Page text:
Almost a quarter of U.S. homeowners with a mortgage are still underwater after the rapid plunge of house prices that started in 2007, however more and more of those homeowners are seeing their equity return RealtyTrac said today. Home prices, which finally began to rise early last year, have pulled an estimated 600,000 properties from the category of "deeply underwater" just since May.
At that time about 26 percent of mortgaged homes had a loan to value (LTV) ratio of 125 percent or more; that is about 11.3 million homes were deeply underwater. RealtyTrac estimates that number at 10.7 million now, 23 percent. In September 2012 there were an estimated 12.5 million such homeowners, 28 percent of those with a mortgage.
The company says another 8.3 million homeowners have what it calls "resurfacing equity," meaning they had between 10 percent negative and 10 percent positive equity at the beginning of September. This is about 18 percent of all homeowners with a mortgage. These owners, the company says, are on track to have enough equity to sell their home sometimes in the next 15 months without resorting to a short sale. Despite what has happened to prices over the last seven years RealtyTrac estimates that 7.4 million homeowners, 16 percent of those with a mortgage, have 50 percent or more equity in their homes.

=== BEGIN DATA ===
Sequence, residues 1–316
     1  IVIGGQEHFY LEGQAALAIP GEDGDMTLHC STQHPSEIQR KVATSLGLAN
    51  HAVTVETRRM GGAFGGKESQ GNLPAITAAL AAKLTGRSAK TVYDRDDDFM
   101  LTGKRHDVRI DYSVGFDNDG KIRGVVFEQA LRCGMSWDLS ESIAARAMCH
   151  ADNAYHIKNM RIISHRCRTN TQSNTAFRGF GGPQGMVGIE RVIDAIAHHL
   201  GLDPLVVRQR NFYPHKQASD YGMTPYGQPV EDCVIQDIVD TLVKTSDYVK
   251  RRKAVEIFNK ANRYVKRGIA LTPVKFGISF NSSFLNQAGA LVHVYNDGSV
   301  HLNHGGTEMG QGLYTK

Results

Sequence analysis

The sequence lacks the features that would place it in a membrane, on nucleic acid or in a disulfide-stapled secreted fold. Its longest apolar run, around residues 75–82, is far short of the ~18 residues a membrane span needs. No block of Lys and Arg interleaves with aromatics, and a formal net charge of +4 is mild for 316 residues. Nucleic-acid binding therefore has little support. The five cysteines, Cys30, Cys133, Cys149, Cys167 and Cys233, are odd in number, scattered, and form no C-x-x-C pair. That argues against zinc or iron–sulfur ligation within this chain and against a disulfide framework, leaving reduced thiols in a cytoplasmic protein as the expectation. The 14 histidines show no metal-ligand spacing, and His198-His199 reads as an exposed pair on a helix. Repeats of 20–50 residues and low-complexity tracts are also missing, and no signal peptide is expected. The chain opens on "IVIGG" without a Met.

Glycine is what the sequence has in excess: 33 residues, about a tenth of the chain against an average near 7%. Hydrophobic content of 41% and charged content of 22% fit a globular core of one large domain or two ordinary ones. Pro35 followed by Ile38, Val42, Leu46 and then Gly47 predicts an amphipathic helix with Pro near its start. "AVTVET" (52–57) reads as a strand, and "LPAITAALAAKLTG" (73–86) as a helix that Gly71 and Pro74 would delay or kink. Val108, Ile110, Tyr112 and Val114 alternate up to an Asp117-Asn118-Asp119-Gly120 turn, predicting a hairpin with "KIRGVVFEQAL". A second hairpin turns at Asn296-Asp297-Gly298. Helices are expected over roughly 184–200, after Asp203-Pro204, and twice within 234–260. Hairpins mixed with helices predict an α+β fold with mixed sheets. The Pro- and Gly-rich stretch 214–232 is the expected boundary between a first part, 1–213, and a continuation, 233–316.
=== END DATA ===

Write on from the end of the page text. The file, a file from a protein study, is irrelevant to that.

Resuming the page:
"Steadily rising home prices are lifting all boats in this housing market and should spill over into more inventory of homes for sale in the coming months," said Daren Blomquist, the company's vice president. "Homeowners who already have ample equity are quickly building on that equity, while the 8.3 million homeowners on the fence with little or no equity are on track to regain enough equity to sell before 2015 if home prices continue to increase at the rate of 1.33 percent per month that they have since bottoming out in March 2012."
The report says that 126,000 properties, about a quarter of those currently in foreclosure, had LTVs below 100 percent in September, about 24 percent of the total. This was higher in several states including Oklahoma (54 percent), Hawaii (51 percent), New York (47 percent), and Texas (46 percent).
Blomquist said that homeowners in foreclosure with some equity have a better chance to avoid foreclosure without resorting to a short sale assuming they don't miss the opportunity to leverage that equity. "Even homeowners deeply underwater have reason for hope, with about 150,000 each month rising past the 25 percent negative equity milestone - although it will certainly take years rather than months before most of those homeowners have enough equity to sell other than via short sale."
States with the highest percentage of homes with LTVs of 125 percent or higher included Nevada (46 percent), Illinois (40 percent), Florida (40 percent), Michigan (38 percent), Rhode Island (34 percent), and Ohio (31 percent).
Metro markets with the highest percentage of homes with resurfacing included Omaha (29 percent), Colorado Springs (29 percent), Tulsa (29 percent), Little Rock (28 percent), and Raleigh (28 percent).